power, of that kind.

And so karma is seen as some sort of inescapable, inevitable law, perhaps not dissimilar
from, say, the law of gravity. You throw a body in the air, and it falls. That always
happens (unless you're in space or whatever...) and I think sometimes people see karma
in this way — you know — you act badly, and you're going to get punished for it. You
act well, and you're going to get rewarded.

This is an extremely crude model of karma, and in some ways quite mistaken. But where
does it come from, this idea? Why do people think this way? To understand this, I think
it is useful to go into a little bit of history, because actually Buddhism isn't the only
tradition that has a notion of karma. It is a kind of pan-Indian idea, and we find it in what
we call Hinduism, and in Jainism too — two of the other Indian religions. And actually
at the time of the advent of the Buddha there were ideas of karma and rebirth already in
circulation in what is called the Vedic tradition; the Vedic Brahminical tradition.

The Vedic tradition comes from the Vedas, some of the sacred texts of what we now call
the Hindus. According to this Vedic notion, one is born into a particular station in life —
even a particular caste — due to one's previous karma. It is all determined by one's
actions in one's past life. So, given that that is the case, in this life one's duty is to
perform one's caste functions.

So if one was born into the lowest pile, if you like — the lowest strata of the pile — you
should just simply get on with that, live out your allotted function, and in doing that you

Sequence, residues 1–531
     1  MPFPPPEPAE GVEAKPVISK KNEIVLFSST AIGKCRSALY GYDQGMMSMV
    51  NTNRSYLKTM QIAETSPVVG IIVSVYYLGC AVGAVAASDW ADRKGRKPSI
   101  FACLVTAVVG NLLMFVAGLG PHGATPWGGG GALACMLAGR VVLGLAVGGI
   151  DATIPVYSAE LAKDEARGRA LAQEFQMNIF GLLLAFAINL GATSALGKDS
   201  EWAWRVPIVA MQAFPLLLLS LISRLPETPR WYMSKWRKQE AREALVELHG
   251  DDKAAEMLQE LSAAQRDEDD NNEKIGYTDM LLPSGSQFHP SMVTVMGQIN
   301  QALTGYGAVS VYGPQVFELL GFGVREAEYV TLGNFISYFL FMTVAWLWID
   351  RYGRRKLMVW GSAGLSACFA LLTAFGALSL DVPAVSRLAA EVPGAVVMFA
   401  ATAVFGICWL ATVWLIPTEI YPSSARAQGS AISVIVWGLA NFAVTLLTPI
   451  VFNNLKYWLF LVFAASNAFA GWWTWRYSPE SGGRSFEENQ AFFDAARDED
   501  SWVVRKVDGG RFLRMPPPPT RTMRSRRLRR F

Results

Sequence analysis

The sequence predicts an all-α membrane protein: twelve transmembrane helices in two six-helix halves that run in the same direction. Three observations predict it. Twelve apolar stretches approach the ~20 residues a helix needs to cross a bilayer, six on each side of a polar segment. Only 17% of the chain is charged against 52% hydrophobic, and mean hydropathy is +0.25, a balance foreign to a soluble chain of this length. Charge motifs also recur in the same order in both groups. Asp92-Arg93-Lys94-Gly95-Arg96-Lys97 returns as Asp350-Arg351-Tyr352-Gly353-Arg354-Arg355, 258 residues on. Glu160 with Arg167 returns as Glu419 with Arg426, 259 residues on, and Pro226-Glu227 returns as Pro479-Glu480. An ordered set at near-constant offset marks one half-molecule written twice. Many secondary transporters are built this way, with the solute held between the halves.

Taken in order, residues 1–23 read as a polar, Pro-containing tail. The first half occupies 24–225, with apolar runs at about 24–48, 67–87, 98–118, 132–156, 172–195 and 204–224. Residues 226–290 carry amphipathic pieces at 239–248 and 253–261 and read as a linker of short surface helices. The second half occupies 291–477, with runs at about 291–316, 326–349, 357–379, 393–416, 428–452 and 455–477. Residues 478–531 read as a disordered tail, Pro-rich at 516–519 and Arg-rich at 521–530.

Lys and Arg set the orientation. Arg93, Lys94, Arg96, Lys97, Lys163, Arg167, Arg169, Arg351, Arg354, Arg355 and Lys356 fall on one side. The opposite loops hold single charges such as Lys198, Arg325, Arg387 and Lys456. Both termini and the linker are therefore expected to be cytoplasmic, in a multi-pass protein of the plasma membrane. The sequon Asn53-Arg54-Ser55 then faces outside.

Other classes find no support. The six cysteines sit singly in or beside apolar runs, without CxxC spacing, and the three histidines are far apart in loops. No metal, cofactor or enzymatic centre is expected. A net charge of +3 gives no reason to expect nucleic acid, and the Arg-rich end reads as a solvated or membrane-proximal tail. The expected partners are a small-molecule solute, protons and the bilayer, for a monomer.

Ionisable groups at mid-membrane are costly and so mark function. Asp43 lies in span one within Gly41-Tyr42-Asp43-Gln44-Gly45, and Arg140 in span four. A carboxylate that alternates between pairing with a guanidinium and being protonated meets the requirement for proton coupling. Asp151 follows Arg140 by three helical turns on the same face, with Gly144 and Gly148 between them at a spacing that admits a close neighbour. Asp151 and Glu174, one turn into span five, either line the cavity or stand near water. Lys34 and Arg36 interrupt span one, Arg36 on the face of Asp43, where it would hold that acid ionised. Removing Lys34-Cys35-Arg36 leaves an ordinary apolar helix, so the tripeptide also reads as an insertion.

can look forward to a better rebirth next time round. So, importantly, you shouldn't try to
change your social status. You should just accept it, get on with it, and if you do that
fully you will get a better rebirth next time.

Again this is quite crude, but it is not completely too far from the truth. I mean, I don't
think it's quite like that really. I think rather than seeing it as this sort of inevitable law
— that if you act this way you'll get this kind of rebirth, etc. — I would rather see it more
as an organic principle, or as a general rule, if you like, that admits of quite a bit of
variation and flexibility.

So as a general rule one will reap the consequences of one's past actions. But we need to
understand fully how this works. It doesn't mean that every individual little wrong that
you do, every little lie that you tell, every time you swear or whatever, the universe is
going to find some way to pay you back — you know — suddenly someone else is going
to come along and swear at you, or lie to you. It's not quite as crude and simple as that.
Although, actually, some of the Buddhist texts present it in that way.

Some of the consequences of one's actions may be so minor as to be invisible or
negligible; you may not be able to see the consequences. At the same time, as well, two
people might actually commit the same act, or what appears to be the same act, with very
different consequences. And the difference in these consequences can be explained
through karma. I am going to go into that in a bit more detail shortly.

I just want to say one more thing about what karma is not — or what rebirth is not — and
what it is not, is it is not reincarnation. The idea of reincarnation is that we have this
fixed identity, this soul, this kind of essence, that is us — our core — that transmigrates
from life to life, as though we transplant it from one body to the next body in the new
life. This is not the Buddhist idea of rebirth. So, how does Buddhism see it? How does
Buddhism see the self? Well, I'm just going to come onto that.

What karma is; dependent origination; continuity and permanence; the 5 skandhas;
Manchester Utd analogy for samskara

So — what karma is.

Well, as I said earlier, the Buddhist notion of karma has got to be understood in the light
of the most general, fundamental and comprehensive Buddhist doctrine, which is the
doctrine of dependent origination. I haven't got that much time to go into this doctrine in
a lot of detail but I am just going to go into it briefly.

So according to this doctrine — the fundamental 'metaphysical' idea, or doctrine, of
Buddhism — all things, everything, arises in dependence on conditions. And when those
conditions cease, the thing itself ceases.

So just for ...